It is important to note that Ethicon’s announcement does not constitute a power morcellator recall, and that power morcellators remain in use at hospitals around the country. According to the company, they are waiting for the FDA to provide further clarification regarding the use of power morcellation in fibroid surgeries. The Ethicon products included in the sales suspension are:

  • Gynecare Morcellex Tissue Morcellator
  • Morcellex Sigma Tissue Morcellator System
  • Gynecare X-Tract Tissue Morcellator

Other manufacturers of power morcellators include Blue Endo, LiNA Medical, Lumenis, Karl Storz, Olympus, and Richard Wolf.

Hooman Noorchashm, MD, a cardiothoracic surgeon at Brigham and Women’s Hospital in Boston, MA, is a vocal critic of J&J’s reaction to the FDA announcement. His wife, Amy Reed, MD, an anesthesiologist, underwent a hysterectomy with power morcellation in October of last year, which resulted in a uterine leiomyosarcoma and in turn worsened her prognosis. Noorchashm and Reed argue that the FDA’s actions aren’t enough, and the devices should be completely recalled.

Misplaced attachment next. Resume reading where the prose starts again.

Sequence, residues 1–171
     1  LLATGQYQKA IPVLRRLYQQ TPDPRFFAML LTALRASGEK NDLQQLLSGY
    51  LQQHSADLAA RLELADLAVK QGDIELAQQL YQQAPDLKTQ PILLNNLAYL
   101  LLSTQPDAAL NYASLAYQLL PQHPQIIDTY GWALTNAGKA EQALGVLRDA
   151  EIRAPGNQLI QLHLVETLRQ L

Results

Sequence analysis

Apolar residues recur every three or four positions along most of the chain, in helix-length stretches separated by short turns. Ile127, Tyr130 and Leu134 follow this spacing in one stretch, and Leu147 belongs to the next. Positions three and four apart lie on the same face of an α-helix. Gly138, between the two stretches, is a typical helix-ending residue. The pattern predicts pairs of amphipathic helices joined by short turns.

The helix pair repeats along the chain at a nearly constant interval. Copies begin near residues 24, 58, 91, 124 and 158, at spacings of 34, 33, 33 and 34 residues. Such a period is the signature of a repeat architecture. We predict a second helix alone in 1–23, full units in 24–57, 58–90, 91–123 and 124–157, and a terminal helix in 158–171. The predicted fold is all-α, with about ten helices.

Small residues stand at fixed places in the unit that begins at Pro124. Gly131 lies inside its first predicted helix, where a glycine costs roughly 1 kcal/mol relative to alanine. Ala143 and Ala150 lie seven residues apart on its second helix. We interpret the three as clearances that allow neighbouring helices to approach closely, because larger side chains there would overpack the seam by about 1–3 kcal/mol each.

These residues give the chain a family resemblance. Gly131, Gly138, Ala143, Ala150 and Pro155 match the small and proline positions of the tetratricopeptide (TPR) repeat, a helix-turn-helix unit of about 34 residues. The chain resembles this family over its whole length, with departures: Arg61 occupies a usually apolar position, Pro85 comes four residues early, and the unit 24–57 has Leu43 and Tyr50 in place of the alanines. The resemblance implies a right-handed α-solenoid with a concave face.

FDA Involvement With Power Morcellators

To further their understanding of the risk of laparoscopic power morcellators to disseminate undetected cancer beyond the uterus in women, and in order to establish information regarding the appropriate use of these medical devices, the FDA has ordered several actions. 5

  • Product labeling on power morcellators used during laparoscopic hysterectomy and myomectomy should be reviewed by their manufacturers to ensure the labels supply adequate information regarding the risks posed to unsuspecting patients and their providers.
  • Information from patient and health care provider testimonies, event reports, surgical professionals, manufacturers, etc., will be collected to continue the investigation regarding the safety of power morcellators.

The FDA convened an Advisory Committee in July 2014 to address the use and potential risks of power morcellation, which featured testimony from health professionals as well as members of the public affected by power morcellators. While a consensus was not reached about either a ban on the devices or a reclassification to the more strictly controlled medical device Class III, the committee did not rule out a ban in the future. It also called for stronger warning labels and for women and their doctors to sign a consent form detailing the risks of power morcellators.

Hospitals Suspend Use of Power Morcellators